Scripture: John 1: 1-5
Rev. Erin Beardhemphl
August 13, 2017
Let us pray:
In my deeds,
In my words,
In my wishes,
In my reason,
And in the fulfilling of my desires,
In my sleep,
In my repose.
In my thoughts,
In my heart and soul always,
May the blessed Virgin Mary,
And the promised Branch of Glory dwell,
Oh! In my heart and soul always,
May the Blessed Virgin Mary,
And the fragrant Branch of Glory well.
In Genesis 1, we read of our world’s creation, a day by day exploration of God’s creativity, with humankind in the middle of it all, created in God’s own image. In Genesis 2, we read another creation story, telling of how humanity was sculpted from the mud, created from creation. And in John 1, these stories are rounded out nicely. In the beginning, when all was water and void, was the Word. And the Word was with God, and the Word was God. And all things came into being through him, and without him not one thing came into being. And my favorite part: What has come into being through him was life, and the life was the light of the people. The light shines in the darkness, and the darkness did not overcome it.
God’s creation contains God’s light. Every single part of creation, be it plant or animal, water or rock, or even human beings. All contain God’s light. Further than this, humanity was created in God’s image, meaning all of humanity is good, and has good in them, despite poorer decisions that may be made in a lifetime.
This is a major and basic tenant of Celtic theology. Every baby born is born unmarked by sin because they are newly created, and have not fallen to the temptations of evil that also are in creation. Every part of creation contains God’s light, and if you listen very carefully, you might just hear the heartbeat of the Creator, steady and reassuring, even in the most difficult times. So central is this to Celtic theology that not one but several clergy people since the dawn of organized Christianity have been excommunicated, defrocked, or simply pushed to the edges, rather than agree with majority or official theory that said that humans were marked by the original sin, even at birth. So central was this idea that God is somehow in everything that prayers have been collected from Celtic communities, not from churches, blessing everything from the farmer’s cow, to the spinners, weavers, and sewers of cloth, to the cooks, the shepherds, the sheep… Every moment in life, God could be and was called upon to thank and to ask blessings of.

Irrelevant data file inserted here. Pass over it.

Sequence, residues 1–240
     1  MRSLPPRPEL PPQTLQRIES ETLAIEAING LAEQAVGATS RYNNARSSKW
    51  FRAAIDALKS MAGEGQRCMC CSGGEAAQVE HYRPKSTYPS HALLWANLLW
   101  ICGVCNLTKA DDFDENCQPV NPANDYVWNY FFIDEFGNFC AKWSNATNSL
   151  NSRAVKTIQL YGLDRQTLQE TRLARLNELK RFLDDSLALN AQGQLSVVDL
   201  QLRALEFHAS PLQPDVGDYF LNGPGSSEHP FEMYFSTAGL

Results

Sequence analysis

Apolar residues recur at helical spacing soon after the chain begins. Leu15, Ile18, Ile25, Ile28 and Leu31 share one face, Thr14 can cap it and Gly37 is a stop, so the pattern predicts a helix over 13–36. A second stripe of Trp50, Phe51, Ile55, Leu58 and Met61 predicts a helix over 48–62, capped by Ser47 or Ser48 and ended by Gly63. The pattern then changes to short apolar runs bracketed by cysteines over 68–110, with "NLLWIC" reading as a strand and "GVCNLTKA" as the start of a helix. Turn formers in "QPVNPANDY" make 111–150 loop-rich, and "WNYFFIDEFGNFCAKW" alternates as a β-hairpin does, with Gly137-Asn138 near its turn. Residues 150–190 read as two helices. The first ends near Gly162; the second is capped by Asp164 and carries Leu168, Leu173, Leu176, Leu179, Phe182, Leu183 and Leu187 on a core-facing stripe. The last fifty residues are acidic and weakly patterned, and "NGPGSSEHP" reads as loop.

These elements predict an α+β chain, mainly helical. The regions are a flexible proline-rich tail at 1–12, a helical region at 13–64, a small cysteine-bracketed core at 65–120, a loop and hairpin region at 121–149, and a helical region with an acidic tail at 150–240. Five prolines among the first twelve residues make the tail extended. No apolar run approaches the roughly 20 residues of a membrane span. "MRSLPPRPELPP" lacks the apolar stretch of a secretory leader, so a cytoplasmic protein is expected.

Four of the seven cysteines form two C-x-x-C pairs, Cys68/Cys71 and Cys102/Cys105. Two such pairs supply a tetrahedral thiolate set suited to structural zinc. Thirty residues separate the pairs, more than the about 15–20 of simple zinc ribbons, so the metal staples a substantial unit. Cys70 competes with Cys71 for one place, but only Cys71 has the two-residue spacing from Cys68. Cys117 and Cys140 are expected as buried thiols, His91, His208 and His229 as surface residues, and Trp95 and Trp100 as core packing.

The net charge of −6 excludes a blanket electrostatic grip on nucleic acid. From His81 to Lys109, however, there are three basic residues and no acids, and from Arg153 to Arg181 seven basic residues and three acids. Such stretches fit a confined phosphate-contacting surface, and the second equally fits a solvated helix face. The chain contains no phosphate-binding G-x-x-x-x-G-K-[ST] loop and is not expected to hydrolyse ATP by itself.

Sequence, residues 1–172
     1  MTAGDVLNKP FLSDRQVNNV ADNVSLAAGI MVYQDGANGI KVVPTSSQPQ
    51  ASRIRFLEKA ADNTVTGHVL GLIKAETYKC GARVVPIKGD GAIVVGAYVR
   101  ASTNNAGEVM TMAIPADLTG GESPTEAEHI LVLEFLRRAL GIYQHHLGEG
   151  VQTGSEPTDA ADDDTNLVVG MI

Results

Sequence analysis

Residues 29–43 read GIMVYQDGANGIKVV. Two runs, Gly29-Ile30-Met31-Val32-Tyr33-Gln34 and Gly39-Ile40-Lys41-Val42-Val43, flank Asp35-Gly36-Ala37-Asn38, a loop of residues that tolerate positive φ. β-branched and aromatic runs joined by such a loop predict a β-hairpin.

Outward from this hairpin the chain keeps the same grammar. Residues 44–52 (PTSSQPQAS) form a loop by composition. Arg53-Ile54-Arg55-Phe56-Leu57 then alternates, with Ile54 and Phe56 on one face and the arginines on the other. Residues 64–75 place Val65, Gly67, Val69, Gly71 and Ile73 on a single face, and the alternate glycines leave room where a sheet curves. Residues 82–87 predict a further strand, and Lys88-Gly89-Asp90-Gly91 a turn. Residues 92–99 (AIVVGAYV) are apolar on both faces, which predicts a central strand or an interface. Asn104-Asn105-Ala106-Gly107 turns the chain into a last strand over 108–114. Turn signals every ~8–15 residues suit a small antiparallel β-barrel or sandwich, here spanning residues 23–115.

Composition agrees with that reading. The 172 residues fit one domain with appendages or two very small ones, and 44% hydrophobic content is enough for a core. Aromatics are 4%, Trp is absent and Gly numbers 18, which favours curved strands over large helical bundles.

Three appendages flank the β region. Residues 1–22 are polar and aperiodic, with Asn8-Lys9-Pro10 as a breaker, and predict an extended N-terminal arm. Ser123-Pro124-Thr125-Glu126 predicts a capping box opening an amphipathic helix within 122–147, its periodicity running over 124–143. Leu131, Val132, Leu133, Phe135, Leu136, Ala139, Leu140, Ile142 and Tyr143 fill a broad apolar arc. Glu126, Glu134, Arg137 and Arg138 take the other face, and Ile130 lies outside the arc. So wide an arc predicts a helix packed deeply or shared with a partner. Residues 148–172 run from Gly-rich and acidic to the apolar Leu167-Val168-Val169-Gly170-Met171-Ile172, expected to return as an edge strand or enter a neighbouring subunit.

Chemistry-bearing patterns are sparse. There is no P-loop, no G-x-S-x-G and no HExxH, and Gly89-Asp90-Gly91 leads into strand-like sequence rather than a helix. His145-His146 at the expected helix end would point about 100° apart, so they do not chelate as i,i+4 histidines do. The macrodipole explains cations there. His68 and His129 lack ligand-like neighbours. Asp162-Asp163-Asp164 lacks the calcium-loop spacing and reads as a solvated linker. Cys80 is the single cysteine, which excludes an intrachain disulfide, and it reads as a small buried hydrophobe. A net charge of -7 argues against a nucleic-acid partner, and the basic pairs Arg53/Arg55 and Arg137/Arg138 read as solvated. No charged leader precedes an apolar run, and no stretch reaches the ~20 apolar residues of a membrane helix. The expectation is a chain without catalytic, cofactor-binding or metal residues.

This is incredible! But even more incredible is that this concept doesn’t apply only to the more agreeable parts of nature. You know what I mean, the beautiful soaring vistas, the fields of wildflowers, the spring time baby animals… It also applies to the earth quakes and volcanoes that tore the ground, the dying plants covered in mold every fall, and the animals that make us shudder at the sight of them. This idea is what many theologians call an “and, but” or a “both and” idea. Nature is beautiful, it’s true, but it can also be violent. It is birth, but also death. It is tragedy alongside the miraculous. And God’s light is in all of this.
Most of you know that my family and I were able to travel to Ireland this year, mostly to visit friends, but, let’s be real, who doesn’t want to travel to a place so steeped in beauty, mystery, and folklore? It wasn’t my first time there, and while we were in Dublin, I wanted to make sure that my family saw something that I had witnessed years before: a sculpture called “Famine” in St. Stephen’s Green. I know that there are many memorials to the Irish Starving Times, but this one somehow struck me more than the others. A dog, and two human figures, all sort of faceless, all gaunt in appearance. One of the human figures holds out a spoon and neither the dog or the other human can reach it. It isn’t smooth in appearance, it’s not meant to look perfectly lifelike, and yet, staring at it, I had a glimpse of the pain and suffering that forced more than one strand of my not so long ago ancestors to flee to a new world.